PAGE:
There are virtually no similarities you can glean between two development stage biotech or life sciences companies without delving into their founders, their mission, their pipelines, their funding, and the list goes on.
But there is one similarity that stands out: the roadmap of announcements and news.
Not every organization will capitalize on the news in this map, and sometimes they’ll put their eggs in baskets that aren’t likely to take off in the media. This roadmap will help you understand how to get the most out of your announcements.
Rounds of Funding
Funding is big news, and it’s likely to make its way into relevant industry publications with or without your own communications work. Your organization, the funders, and the funding itself are all of interest to the industry, making this one of your org’s first opportunities to spend real time in the spotlight.
The pitfall: Underestimating this branding opportunity.
The opportunity: If the reporters are going to cover the story, make sure it’s easy for them to use your branded assets. This could be thoughtful (and brief) quotes from executives, high-quality pictures from the office or lab, videos explaining the pipelines, and anything else that’s important to your mission.
Future investors, industry partners, and team members are reading wherever your funding news is landing. Make sure it’s a memorable and positive impression.
Your orgs new executive team is big news – to the org. Unless you’re announcing a team that is either so controversial or so unlikely that it becomes news, this is an announcement that won’t enjoy the same coverage as some of your funding news.
That doesn’t mean this isn’t important news. This is another step in building your org’s digital identity, putting news out there that future stakeholders may encounter.
The pitfall: Expecting big headlines from staffing updates
The opportunity: Get some high-quality bios, professional headshots, and a good quote or two. Consider this announcement a mini newsroom for reporters and investors who want to read up on your team in the future. There’s no reason they should have to dig for a text-only press release buried in search engine results down the line.
You are speaking to potential investors and employees/talent with this one, so highlight why your organization is somewhere people should want to work and invest their money.
The section at the beginning of this roadmap, describing how it’s impossible to know that much about an org without delving into its background? That’s true for your development pipeline newsworthiness.
It depends on what you’re doing. Is it relevant to the news of the day? How well is it explained in your content?
Consider this assessment an important test for how prepared your organization is to make the most of the communications side of the business. Expectation management, media targeting, and a good grasp of the news landscape are forever going to weigh in on investing, industry partnerships, and recruitment, so the experience is valuable even at this stage.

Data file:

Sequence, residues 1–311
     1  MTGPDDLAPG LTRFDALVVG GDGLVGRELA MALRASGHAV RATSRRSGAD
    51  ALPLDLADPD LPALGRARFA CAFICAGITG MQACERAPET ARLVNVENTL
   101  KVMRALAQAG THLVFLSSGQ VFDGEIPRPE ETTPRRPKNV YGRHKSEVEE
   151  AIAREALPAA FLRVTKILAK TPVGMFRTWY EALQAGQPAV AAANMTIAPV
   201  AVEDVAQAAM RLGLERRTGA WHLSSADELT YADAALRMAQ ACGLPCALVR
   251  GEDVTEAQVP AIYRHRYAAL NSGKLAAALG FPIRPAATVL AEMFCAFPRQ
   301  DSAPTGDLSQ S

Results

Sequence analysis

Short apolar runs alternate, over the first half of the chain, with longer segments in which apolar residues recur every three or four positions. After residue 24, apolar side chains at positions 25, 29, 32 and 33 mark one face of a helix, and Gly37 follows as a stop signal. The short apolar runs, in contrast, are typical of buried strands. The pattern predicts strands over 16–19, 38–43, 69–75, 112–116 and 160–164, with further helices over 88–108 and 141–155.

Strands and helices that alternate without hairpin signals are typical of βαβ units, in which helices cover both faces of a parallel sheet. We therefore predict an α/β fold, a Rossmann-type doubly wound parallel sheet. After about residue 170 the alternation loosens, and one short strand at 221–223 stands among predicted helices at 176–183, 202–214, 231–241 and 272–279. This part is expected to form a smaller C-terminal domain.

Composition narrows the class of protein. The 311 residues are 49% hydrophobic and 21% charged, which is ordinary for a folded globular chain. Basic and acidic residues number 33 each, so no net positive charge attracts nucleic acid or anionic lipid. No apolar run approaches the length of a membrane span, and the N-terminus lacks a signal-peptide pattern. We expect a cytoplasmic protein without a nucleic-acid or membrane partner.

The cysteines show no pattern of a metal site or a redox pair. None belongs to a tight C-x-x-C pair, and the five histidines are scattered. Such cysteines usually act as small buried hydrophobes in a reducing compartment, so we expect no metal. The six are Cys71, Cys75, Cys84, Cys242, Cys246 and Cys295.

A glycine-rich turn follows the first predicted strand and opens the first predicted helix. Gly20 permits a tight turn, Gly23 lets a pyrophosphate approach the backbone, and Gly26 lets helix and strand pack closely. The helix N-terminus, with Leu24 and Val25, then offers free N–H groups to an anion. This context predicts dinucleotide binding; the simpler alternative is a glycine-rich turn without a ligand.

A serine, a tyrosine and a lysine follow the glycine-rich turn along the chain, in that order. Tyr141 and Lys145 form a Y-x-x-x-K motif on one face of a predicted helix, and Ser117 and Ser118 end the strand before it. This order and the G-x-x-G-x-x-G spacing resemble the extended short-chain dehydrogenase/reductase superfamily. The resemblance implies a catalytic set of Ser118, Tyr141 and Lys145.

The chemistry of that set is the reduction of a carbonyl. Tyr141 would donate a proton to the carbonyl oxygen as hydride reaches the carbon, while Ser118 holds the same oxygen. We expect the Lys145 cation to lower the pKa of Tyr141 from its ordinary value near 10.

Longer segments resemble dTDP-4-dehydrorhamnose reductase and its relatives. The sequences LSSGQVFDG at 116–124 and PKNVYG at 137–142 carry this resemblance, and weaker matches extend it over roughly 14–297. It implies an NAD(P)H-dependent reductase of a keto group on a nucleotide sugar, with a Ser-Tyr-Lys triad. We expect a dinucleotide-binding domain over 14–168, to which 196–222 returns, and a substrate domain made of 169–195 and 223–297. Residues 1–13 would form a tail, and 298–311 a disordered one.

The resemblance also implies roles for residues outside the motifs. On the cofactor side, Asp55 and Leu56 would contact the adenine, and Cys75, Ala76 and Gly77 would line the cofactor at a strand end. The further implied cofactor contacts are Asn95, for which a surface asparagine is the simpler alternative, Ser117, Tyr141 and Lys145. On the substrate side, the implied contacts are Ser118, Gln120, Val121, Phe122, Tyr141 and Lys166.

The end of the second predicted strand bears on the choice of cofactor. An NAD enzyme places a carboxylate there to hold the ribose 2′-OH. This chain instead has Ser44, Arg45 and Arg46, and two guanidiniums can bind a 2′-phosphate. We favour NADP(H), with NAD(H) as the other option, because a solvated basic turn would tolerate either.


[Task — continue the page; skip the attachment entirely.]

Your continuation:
But perhaps more importantly, your pipelines are the lifeblood of your work. Do them justice every time there’s a chance they’re talked about in the news.
The pitfall: Missing the point of announcements that don’t always make the news.
The opportunity: This is an all-hands-on-deck announcement. Do right by the gravity of this news, because an accessible pipeline outline announcement will either haunt or bolster your org’s digital presence for years. Where applicable, get scientific illustrations of your technology mechanism or target in your development pipeline into your announcement. Strong visuals can do a lot of heavy lifting in telling your story.
Here’s where the tried-and-true announcement map ends. It’s entirely possible to map the next big news opportunities for your org, but we’d have to know more about it first.
In the meantime, here’s where your organization needs to start self-monitoring the news. This is a step down from biotech/life sciences competitive surveillance and media monitoring, which delivers everything you need exactly when you need it (typically 1-3 times a day). The latter service costs more. Besides, there’s still one more opportunity left from the DIY version.
Self monitoring is your chance to get intimately familiar with what makes the news, and who actually makes the news. Understanding what publications relevant to your industry consider newsworthy, as well as who the reporters are that you should be building relationships with, is really important at this stage. Set up your parameters, tinker to improve results, and read your media digests whenever you get the chance.
Get a newsroom up on your website to immortalize announcements and coverage you want to keep around, which you should have ample opportunity to identify through your own monitoring process.
Once your news or need for competitive surveillance has outgrown your ability to keep track of it, or the impact of the news is too significant to ever stay in the dark on, human-curated services that deliver exactly what you need are on the menu. It’s not possible to recommend this step without understanding what your org has available and what it needs, but just know that this is the final frontier in perfecting the communications side of your business.